Mike Rowe, Host of 'dirty jobs'

What’s the dirtiest job in Hollister? Manure manufacturer? Worm
farmer? Taxidermist?
What’s the dirtiest job in Hollister? Manure manufacturer? Worm farmer? Taxidermist?

If you ask Mike Rowe of the hit Discovery Channel show “Dirty Jobs” – the dirtiest job in Hollister is dog food maker.

Rowe and his camera and production crew filmed for

an episode

of “Dirty Jobs” on Wednesday at Green Tripe, a local dog food factory that produces raw products out of such parts as cow tracheas, heads and stomachs.

Rowe during the shoot Wednesday ground gullets into guck and smashed stomachs into sludge – meals that Green Tripe owners Peter and Mary Voss said dogs can’t resist.

“I’ve seen plenty of cow organs,” Rowe said. “I’ve birthed them, milked them, reached inside them. This job proves yet another use for the cow.”

The film crew was at the Green Tripe production center – a large warehouse complex at 837 Industrial Drive – for most of the day. They drew a few curious glances from residents and more than a few excited smiles from employees.

Mike Best, a manager at AG Sod Farms in Hollister, said “Dirty Jobs” is his favorite television show. He was at Green Tripe for hours on Wednesday waiting for a chance to meet Rowe after he accidentally caught a glimpse of him while passing by the factory.

“I love his show,” Best said. “When he came out (of the warehouse), I saw him and I couldn’t believe it.”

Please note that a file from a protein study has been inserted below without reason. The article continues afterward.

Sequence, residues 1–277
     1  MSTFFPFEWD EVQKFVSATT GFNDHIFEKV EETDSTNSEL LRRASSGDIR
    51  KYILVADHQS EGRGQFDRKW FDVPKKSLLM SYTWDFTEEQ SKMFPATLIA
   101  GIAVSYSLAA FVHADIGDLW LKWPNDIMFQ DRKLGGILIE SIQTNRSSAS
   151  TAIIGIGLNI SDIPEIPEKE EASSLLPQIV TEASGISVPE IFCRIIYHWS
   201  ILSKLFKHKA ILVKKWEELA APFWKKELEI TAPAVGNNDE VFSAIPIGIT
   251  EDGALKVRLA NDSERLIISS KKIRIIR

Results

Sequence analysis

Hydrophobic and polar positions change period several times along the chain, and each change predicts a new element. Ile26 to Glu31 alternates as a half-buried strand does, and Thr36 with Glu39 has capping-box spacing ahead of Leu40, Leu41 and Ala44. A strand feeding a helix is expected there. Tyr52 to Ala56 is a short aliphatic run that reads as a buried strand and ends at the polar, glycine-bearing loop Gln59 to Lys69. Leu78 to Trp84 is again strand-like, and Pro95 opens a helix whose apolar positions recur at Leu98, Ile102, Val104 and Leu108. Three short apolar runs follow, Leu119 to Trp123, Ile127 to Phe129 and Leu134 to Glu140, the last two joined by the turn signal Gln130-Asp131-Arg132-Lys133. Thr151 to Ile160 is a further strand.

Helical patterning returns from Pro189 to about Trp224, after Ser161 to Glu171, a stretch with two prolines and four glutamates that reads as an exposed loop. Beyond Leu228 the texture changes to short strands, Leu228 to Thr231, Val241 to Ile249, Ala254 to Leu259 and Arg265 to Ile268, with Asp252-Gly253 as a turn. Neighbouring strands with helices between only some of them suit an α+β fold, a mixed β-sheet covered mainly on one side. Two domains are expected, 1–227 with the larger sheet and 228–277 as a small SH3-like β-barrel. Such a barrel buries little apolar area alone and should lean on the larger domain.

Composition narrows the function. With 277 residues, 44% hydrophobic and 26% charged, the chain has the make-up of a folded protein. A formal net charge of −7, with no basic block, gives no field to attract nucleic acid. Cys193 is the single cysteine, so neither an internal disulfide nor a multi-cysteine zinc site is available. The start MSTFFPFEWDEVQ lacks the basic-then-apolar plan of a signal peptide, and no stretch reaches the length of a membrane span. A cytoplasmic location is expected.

After the filming was done, Rowe and his crew mingled with the business owners and employees. He signed shirts, posed for photos and even bought some of the dog food. Rowe said the crew got to Hollister late Tuesday night and although he didn’t get a chance to see much of the town, he had been thinking about stopping for a beer on the way out.

When it came to handling guts, however, he said the type of organ doesn’t matter as whether it’s rotten.

“The true benchmark for gross is not what it is – it’s how long it’s been in the sun,” he said.

“I think in this country, we’ve made work the enemy. Traditional jobs are going the way of the microchip. Our show has always been a general celebration of work.”

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A staff member wrote, edited or posted this article, which may include information provided by one or more third parties.


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